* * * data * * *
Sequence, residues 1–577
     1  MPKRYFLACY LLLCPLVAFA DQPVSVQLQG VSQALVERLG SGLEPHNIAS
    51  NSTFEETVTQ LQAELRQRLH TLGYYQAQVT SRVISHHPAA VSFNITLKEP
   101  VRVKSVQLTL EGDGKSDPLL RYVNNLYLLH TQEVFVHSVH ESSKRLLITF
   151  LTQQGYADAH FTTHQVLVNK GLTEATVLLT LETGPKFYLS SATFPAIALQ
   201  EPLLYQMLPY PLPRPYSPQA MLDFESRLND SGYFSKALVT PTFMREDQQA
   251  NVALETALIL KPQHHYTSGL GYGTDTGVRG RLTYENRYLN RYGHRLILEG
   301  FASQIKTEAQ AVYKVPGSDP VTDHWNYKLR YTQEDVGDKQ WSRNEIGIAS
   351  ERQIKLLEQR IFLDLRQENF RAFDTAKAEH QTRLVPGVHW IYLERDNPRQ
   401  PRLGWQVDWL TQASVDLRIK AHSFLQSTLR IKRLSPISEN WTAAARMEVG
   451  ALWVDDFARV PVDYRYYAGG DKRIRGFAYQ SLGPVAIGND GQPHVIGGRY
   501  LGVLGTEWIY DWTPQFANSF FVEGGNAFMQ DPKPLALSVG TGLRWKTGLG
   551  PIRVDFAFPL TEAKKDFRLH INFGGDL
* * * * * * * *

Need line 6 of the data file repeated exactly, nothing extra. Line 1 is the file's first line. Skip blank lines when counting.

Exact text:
   201  EPLLYQMLPY PLPRPYSPQA MLDFESRLND SGYFSKALVT PTFMREDQQA